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Published on February 20th, 2008 | by Jim Lobe3
Jaw-Jaw In Order to War-War?
AEI’s Reuel Marc Gerecht now believes that Washington should offer to engage in unconditional, high-level talks and even normalize diplomatic relations with Iran…apparently in order to rally support for war.
In a New York Times op-ed misleadingly entitled “Attack Iran, With Words,” Gerecht, who is certain there’s no way that the mullahs will agree to such offer, argues that their predictable refusal will rally the public and perhaps even Washington’s European allies to support a pre-emptive attack on Tehran’s nuclear facilities.
“If the mullahs don’t want to negotiate, fine: making the offer is something that must be checked off before the next president could unleash the Air Force and the Navy. To make the threat of force against clerical Iran again credible, there needs to be a consensus among far more Democrats and Republicans that a nuclear-armed Iran is intolerable. If the White House tried more energetically to find a diplomatic solution to the nuclear threat, if it demonstrated that it had reached out to Iranian “pragmatists” and “moderates,” and that again no one responded, then the military option would likely become convincing to more Americans.
“…If the Bush administration were to use this sort of diplomatic jujitsu on the ruling clerics, it could convulse their world. No, this is absolutely no guarantee that Tehran will stop, or even suspend, uranium enrichment. But a new approach would certainly put the United States on offense and Iran on defense. We would, at least, have the unquestioned moral and political high ground. And from there, it would be a lot easier for the next administration, if it must, to stop militarily the mullahs’ quest for the bomb.”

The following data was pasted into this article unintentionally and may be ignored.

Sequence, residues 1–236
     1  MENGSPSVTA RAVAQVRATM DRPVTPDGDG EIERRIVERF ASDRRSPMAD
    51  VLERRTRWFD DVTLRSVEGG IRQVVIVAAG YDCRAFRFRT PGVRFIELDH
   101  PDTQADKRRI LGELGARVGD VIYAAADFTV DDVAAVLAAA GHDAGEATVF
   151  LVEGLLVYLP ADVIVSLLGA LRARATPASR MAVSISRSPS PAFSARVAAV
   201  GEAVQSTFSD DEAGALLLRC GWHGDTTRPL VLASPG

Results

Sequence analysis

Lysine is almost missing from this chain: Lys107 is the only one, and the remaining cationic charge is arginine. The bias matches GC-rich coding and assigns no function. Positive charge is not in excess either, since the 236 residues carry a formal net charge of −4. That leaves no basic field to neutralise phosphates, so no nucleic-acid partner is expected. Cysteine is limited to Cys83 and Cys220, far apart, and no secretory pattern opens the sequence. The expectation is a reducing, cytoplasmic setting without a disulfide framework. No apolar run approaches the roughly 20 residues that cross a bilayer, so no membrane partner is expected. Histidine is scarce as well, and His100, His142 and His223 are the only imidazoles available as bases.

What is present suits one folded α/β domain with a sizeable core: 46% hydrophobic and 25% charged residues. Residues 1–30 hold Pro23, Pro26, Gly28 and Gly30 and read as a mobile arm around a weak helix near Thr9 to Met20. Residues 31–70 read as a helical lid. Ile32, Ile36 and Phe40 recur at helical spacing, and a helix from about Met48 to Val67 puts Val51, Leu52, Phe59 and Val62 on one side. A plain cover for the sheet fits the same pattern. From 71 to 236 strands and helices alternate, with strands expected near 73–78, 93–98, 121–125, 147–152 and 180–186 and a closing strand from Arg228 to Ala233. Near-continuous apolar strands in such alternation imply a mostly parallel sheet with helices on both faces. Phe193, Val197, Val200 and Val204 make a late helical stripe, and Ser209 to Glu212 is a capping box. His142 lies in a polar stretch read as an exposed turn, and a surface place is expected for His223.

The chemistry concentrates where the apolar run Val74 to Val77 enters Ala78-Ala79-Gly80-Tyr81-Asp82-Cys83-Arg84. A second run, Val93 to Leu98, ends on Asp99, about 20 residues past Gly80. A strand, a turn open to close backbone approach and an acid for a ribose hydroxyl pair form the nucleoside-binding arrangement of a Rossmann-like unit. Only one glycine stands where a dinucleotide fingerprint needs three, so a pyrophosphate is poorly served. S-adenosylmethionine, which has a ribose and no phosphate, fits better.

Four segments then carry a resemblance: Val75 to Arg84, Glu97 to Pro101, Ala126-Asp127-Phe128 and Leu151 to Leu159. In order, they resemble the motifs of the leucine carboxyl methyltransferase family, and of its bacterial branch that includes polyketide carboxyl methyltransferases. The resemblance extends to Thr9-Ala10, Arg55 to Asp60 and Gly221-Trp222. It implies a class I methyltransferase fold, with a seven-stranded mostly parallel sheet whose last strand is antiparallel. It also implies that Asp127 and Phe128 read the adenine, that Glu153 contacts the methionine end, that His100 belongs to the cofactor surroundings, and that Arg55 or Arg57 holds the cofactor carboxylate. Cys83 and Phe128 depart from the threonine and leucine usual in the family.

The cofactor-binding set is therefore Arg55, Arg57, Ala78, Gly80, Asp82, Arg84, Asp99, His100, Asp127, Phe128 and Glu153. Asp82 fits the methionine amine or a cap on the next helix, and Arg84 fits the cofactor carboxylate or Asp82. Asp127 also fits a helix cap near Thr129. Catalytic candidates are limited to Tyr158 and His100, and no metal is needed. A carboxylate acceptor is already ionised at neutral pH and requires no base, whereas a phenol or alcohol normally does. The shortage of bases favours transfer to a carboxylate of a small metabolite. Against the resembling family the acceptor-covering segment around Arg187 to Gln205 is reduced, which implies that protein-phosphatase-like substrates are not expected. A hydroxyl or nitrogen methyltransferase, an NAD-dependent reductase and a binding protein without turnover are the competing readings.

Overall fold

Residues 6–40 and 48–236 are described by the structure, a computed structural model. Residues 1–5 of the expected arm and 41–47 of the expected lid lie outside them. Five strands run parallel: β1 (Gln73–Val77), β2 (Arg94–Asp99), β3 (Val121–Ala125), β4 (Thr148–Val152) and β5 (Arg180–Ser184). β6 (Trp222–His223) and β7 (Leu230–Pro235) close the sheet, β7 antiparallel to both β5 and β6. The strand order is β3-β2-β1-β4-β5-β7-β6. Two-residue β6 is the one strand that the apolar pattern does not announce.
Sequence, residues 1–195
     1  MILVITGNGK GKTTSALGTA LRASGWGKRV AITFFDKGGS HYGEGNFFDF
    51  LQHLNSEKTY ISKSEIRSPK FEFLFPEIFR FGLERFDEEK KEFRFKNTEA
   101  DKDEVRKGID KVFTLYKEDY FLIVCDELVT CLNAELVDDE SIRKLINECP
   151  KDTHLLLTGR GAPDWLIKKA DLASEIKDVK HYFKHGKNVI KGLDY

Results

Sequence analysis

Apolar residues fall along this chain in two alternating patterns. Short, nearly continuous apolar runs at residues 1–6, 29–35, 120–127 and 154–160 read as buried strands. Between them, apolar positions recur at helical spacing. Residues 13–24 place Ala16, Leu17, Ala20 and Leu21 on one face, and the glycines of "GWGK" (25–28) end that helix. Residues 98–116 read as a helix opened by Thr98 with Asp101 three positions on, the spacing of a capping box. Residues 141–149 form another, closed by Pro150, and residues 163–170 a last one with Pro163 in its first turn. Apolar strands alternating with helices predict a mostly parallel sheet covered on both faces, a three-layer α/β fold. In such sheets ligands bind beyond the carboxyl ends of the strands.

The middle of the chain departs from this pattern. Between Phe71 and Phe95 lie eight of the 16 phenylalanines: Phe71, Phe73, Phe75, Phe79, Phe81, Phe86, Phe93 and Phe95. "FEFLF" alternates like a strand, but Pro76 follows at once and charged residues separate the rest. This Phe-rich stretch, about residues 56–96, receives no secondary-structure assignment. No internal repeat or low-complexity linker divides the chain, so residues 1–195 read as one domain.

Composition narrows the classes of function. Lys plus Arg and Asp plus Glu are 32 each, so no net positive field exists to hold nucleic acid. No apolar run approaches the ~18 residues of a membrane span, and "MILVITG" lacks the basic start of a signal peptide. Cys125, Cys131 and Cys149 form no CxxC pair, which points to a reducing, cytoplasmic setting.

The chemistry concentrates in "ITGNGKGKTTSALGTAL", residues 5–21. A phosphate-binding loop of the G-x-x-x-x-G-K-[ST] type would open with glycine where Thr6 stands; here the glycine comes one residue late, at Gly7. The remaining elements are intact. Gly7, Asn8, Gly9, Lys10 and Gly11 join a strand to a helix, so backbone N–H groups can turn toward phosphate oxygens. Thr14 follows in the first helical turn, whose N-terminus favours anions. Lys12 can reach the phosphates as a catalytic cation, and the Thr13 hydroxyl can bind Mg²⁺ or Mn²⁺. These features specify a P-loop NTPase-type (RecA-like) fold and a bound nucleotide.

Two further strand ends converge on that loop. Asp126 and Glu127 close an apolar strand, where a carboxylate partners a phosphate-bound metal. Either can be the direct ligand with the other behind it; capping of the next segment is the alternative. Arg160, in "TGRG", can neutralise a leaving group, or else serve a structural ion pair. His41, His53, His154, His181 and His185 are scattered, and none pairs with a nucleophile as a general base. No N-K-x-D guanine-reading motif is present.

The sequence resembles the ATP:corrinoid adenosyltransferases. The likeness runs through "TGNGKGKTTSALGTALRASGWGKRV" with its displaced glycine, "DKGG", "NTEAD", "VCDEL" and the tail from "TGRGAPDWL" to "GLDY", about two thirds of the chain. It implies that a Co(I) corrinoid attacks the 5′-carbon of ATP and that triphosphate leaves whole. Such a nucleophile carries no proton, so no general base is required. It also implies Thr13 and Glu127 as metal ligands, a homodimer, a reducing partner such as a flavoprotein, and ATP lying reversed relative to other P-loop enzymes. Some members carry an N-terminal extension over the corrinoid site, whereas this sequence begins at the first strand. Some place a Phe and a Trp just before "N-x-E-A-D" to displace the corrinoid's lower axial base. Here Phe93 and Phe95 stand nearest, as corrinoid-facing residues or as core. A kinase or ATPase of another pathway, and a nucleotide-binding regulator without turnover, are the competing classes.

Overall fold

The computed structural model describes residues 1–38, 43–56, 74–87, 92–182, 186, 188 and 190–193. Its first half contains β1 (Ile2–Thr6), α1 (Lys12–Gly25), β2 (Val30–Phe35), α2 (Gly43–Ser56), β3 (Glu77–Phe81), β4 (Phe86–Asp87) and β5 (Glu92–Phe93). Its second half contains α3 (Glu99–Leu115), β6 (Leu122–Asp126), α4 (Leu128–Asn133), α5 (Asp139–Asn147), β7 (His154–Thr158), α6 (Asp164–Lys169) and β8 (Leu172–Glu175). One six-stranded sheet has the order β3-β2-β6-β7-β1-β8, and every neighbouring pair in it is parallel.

It’s worth noting that Gerecht, like other neo-cons including several of his AEI colleagues, appears to have given up hope of an attack before the end of Bush’s term and now believes that it will up to his successor to decide what to do about Tehran’s nuclear program. His argument echoes that of the generally more pragmatic Robert Kagan who came out in favor of negotiations after the NIE’s release in early December in a Washington Post column entitled “Time to Talk to Iran.” Two differences: Kagan was less certain than Gerecht that Tehran wouldn’t take up a negotiations offer. He also did not stress the importance of offering high-level talks, although that the fact that he suggested putting all outstanding issues between the U.S. and Iran on the table implied it. The basic line was much the same. Here’s Kagan nearly three months ago:
“Beginning talks today does not limit American options in the future. If the Iranians stonewall or refuse to talk — a distinct possibility — they will establish a record of intransigence that can be used against them now and in the critical years to come. It’s possible the American offer itself could open fissures in Iran. In any case, it is hard to see what other policy options are available. This is the hand that has been dealt. The Bush administration needs to be smart and creative enough to play it well.”
It will be very interesting to see if Gerecht’s and Kagan’s advice, as cynical as it may be, is being considered by the hawks within the administration, and particularly in Cheney’s office.